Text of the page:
Separately, I think identifying as a rationalist and effective altruist is good for my epistemics. Part of being a good EA is having careful epistemics, updating based on evidence, being impartially compassionate, etc. Part of being a rationalist is to be aware of and willing to correct for my cognitive biases. When someone challenges me on one of these points, my professed identity gives me a strong incentive to behave well that I wouldn't otherwise have. (To be fair, I'm less sure this applies to "longtermist", which I think has much less pro-epistemic baggage than EA.)

Occasionally, apparent coldness to immediate suffering:  I've only seen this a bit, but even one example could be enough to put someone off for good.

I would really like to ban the term "rounding error".

  1. Strong messaging to the effect of "we need talent" gives the impression that there are enough jobs that if you are reasonably skilled, you can get a job.
  2. Strong messaging to the effect of "we need founders", or "just apply for funding" gives the impression that you will get funding.

I'm a bit confused, because this doesn't seem to match the scenario described in the OP that you quoted. My summary of that scenario would be:

  1. An EA org paid the OP to work for them as a contractor;
  2. The org  then invited them to apply for an open position for a similar role;
  3. They didn't get the position (presumably because the org found another candidate they thought would be better?).

I have a lot of sympathy for the OP in this scenario, and expect it was a very painful and disheartening experience. I definitely cringe a bit when I read it. But it doesn't seem to me like anyone did anything wrong here -- it just seems like the kind of unfortunate-but-unavoidable situation that comes up all the time in the workplace. But you're saying this is "harmful" and that orgs need to "do a lot better", which suggests that you disagree?

I really hope that orgs can do a lot better on this, because I think this and similar things are pretty harmful.

Can you elaborate on what part of this you think is harmful, and what would be better?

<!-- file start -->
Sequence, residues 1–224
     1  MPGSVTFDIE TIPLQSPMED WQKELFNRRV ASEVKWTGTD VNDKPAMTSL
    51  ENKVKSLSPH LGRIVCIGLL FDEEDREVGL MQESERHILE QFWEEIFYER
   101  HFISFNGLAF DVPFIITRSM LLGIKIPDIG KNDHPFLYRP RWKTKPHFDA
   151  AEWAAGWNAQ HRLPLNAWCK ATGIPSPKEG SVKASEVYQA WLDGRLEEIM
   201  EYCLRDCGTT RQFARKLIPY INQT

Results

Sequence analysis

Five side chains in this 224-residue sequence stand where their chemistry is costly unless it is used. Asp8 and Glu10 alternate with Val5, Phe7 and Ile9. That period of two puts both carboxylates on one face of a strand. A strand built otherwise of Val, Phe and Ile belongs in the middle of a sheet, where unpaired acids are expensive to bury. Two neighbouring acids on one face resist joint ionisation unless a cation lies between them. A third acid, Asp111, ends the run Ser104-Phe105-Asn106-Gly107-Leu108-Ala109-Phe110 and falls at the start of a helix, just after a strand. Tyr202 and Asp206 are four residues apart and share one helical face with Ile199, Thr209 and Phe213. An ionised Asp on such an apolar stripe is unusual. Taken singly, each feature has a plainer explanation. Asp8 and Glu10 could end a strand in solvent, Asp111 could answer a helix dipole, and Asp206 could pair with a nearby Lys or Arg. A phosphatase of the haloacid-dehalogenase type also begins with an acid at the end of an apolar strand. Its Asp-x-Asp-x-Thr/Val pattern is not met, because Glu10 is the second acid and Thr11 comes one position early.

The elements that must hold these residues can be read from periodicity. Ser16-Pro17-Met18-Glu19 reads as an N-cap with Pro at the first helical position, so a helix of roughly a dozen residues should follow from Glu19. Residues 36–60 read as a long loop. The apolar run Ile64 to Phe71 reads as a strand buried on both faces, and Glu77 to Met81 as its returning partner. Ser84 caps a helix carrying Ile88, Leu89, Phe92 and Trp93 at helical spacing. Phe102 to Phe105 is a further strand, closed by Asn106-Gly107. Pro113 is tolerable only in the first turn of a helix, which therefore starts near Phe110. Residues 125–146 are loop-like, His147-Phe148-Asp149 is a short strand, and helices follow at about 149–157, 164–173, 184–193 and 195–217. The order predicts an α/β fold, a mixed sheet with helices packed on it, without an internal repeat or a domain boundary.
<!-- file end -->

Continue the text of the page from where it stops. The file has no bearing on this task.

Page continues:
Thanks, Owen! I do feel quite conflicted about my feelings here, appreciate your engagement. :)

I do claim that it's good to have articulations of things like this even if the case is reasonably well known

Yeah, I agree with this -- ultimately it's on those of us more on the pro-immortality side to make the case more strongly, and having solid articulations of both sides is valuable. Also flagging that this...

Would I eventually like to move to a post-death world? Probably, but I'm not certain. For one thing I think quite likely the concept of "death" will not carve reality at its joins so cleanly in the future.

...seems roughly right to me.

(This has not applied evenly. People who were already planning to make EA central to their career are generally experiencing EA as less demanding: pay in EA organizations has gone up, there is less stress around fundraising, and there is less of a focus on frugality or other forms of personal sacrifice. In some cases these changes mean that if someone does decide to shift their career it is less of a sacrifice than it would've been, though that does depend on how the field you enter is funded.)

Thanks, I found this discussion of in what ways EA is now more vs less demanding quite clarifying. I appreciate the point that for some people EA is much less demanding than it used to be, while for others it's much more so.

I felt quite frustrated by this post, because the preponderance of EA discourse is already quite sceptical of anti-ageing interventions (as you can tell by the fact that no major EA funder is putting significant resources into it). I would in fact claim that the amount of time and ink spent within EA in discussing reasons not to support anti-ageing interventions significantly exceeds that spent on the pro side.

So this post is repeating well-covered arguments, and strengthening the perception that "EAs don't do longevity", while claiming to be promoting an under-represented point of view.